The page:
10. the future

Do you see yourself living out at Binalong?  

 

Yes I'm hoping I can live there. Although I don't believe in owning property philosophically and I had a government house and I quite liked that and the government is a good landlord. When the depression came and I couldn't morally rent from the government because there are people now with great disadvantages so that's why I became an owner of property.

 

My son has just got married and if he has children and they eventually build a big house and they would like to live in Gunning and I was decrepit, I would go and do that. I'm looking forward to having grandchildren. I'd like to live where I am as long as possible. If it becomes obvious I can no longer keep up, what I've got then I'd think about moving. If I had to remove to a retirement village, there are some quite nice ones down by the coast, as long as I have one with a garage that I could use as a studio, there's always things that I can do. It's only just recently that I thought I might have to go to a retirement village if I could find somewhere nice and it wasn't too pathetic. I could go to the coast and potter on the seashore and do some drawing but hopefully I'll be like my mother and be active until the very end.

 

My mother died at 92 and she had a terrific mind and quite capable of looking after herself. These days social welfare people are much happier to look after people in their own home. I could have somebody come round. I could say well I've got so much money for somebody to mow the lawn and things like that, so I would consider what's practical. I will know when the time has come when it's impractical for me to be where I am. As long as I've got my books and my artwork and a garage to use as a studio I would be quite happy.

 

Is there anything else you'd like to say?

 

I quite like being retired. I was terribly worried about being retired because it's an end of a phase of life. When I was 50 I started thinking about the end of my life and had to prepare for it in the way one prepares for one's career. All that I had worked to do has come to an end, it was quite traumatic because it does signal that time has passed, a significant period of time has gone by and less to come than has gone. There's much more kudos if one is in the workforce and if one isn't and one suddenly realises that one's job can bestow upon the person a status, the job can be just as much a status as the work what you are doing. I've dwelt in the academic art work environment which is a danger too, because it can cushion one from the outside world and a whole little circuit that you can get involved in. And it's only part of the world and when you leave that, that comes to an end. It’s like when someone dies, life goes on, so it is a traumatic period of life. If one is fortunate enough to have a goal, then life hasn't come to an end.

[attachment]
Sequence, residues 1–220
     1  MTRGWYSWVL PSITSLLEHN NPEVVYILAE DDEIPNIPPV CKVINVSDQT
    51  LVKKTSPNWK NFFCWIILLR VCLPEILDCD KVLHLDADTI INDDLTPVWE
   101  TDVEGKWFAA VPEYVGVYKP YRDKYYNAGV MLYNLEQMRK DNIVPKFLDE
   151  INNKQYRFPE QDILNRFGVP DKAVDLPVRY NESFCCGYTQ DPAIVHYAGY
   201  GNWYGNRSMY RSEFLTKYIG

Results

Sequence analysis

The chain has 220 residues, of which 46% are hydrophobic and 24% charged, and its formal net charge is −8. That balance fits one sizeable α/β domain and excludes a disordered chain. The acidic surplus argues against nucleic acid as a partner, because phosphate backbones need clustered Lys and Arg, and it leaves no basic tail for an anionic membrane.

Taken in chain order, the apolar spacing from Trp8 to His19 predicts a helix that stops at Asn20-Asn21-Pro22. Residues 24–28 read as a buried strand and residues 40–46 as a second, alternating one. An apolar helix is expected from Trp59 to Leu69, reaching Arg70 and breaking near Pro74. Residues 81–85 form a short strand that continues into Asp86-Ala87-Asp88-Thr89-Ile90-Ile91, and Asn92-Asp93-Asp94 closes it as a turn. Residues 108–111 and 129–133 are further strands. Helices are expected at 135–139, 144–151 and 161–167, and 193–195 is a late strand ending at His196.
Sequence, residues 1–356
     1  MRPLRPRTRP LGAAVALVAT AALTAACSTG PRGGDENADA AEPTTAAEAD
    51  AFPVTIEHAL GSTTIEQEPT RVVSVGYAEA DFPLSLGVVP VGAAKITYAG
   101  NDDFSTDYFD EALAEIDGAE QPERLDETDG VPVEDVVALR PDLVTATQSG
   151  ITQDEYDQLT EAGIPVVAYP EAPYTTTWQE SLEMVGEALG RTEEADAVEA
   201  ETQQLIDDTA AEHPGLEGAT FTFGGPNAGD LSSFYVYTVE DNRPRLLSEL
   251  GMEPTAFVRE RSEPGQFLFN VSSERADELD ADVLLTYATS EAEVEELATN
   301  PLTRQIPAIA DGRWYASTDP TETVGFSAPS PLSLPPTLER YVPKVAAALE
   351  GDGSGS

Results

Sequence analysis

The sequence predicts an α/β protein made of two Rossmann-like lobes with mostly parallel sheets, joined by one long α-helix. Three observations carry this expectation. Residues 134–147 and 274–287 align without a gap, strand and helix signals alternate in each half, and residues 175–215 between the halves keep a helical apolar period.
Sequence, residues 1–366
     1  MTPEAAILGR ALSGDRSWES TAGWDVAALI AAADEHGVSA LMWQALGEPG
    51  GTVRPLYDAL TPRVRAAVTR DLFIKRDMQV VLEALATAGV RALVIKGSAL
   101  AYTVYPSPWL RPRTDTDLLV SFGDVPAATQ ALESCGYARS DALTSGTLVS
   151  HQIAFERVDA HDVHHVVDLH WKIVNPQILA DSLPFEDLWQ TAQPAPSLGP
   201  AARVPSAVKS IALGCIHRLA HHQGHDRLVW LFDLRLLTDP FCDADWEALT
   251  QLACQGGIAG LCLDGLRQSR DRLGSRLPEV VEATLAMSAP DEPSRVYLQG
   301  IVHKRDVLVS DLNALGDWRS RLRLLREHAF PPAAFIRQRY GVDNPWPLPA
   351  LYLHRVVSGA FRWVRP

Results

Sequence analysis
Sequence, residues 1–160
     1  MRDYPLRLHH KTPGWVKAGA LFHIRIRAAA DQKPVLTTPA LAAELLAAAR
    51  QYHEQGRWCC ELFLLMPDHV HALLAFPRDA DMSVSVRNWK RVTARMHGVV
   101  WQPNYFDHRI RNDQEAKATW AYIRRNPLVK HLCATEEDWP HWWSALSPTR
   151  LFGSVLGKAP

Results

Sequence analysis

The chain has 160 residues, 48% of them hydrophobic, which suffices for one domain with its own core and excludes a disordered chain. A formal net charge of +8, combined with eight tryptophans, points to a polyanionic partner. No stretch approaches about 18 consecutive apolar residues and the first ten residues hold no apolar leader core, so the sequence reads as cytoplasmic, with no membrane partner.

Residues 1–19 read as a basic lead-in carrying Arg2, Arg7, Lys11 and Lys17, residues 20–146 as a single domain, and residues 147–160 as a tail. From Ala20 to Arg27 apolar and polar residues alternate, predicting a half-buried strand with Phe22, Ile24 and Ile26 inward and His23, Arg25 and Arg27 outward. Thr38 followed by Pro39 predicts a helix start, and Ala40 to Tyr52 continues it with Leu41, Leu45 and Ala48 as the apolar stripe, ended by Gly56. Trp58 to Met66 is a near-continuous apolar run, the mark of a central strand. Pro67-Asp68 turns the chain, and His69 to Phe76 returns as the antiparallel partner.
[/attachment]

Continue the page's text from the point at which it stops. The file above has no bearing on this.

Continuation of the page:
It was fear of the future that made me really anxious and distressed that I was growing older and that had come to an end, I was ready for it emotionally. But not on the other hand only, because I was fatigued and that I retired early. Do I feel like that now? No, because I've come to terms with that. I'm frightened of dying. I can't imagine that there was a time when I arrived in Australia, and going through the marriage thing, when I didn't want to live anymore. Fortunately now I feel the opposite but I'm glad to have the experience because it was a very real one.

 

I'm quite happy, but there is more trauma in growing older because life is so more fragile. You never know when you're going to die suddenly but on the other hand I like being old because I've got so much more information more life experiences. I think for a woman the hardest thing is growing old physically. To grow old there's an in between period between middle age and old age when you feel old you can't do anything about it. But in between that, I have to come to terms with looking older. If one has lots of money one can vainly hide cosmetically. So there are certain traumas about being old, but it’s important for me not to dwell upon that or sink into that. I'm just hoping I can live to a ripe old age and got lots to do. If I didn't have anything to do I'd probably be a couch potato, so purpose is the most important thing. Yes retirement was traumatic because it is an indicator of an important passage of the ritual of time. I also felt a loss of my profession. At first it was quite nice to be involved in the working world but I'm quite happy and I’ve got things to do.

 

<end of the interview>


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